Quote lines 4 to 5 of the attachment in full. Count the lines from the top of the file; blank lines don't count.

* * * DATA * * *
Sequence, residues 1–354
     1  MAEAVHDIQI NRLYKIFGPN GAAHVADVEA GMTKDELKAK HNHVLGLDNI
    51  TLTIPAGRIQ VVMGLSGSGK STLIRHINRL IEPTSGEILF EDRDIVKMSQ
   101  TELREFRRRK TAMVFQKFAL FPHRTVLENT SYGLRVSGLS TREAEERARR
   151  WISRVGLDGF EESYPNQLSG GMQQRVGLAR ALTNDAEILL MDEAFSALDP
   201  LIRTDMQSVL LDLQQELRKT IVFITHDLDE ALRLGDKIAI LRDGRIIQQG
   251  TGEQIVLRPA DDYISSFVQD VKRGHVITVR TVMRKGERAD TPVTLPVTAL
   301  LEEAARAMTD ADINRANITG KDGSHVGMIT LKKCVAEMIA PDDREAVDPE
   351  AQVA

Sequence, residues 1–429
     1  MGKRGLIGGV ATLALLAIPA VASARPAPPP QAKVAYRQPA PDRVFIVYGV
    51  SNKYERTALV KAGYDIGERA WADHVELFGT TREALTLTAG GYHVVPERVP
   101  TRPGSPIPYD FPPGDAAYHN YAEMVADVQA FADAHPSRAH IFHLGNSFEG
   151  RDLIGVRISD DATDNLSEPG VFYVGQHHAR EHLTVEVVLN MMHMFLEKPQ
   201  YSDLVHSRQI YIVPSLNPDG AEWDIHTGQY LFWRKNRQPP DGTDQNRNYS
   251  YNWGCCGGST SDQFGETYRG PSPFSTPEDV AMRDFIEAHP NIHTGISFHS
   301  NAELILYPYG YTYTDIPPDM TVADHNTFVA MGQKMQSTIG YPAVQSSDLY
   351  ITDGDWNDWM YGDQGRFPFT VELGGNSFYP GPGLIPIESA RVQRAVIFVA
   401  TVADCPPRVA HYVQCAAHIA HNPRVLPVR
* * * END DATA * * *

   101  TELREFRRRK TAMVFQKFAL FPHRTVLENT SYGLRVSGLS TREAEERARR
   151  WISRVGLDGF EESYPNQLSG GMQQRVGLAR ALTNDAEILL MDEAFSALDP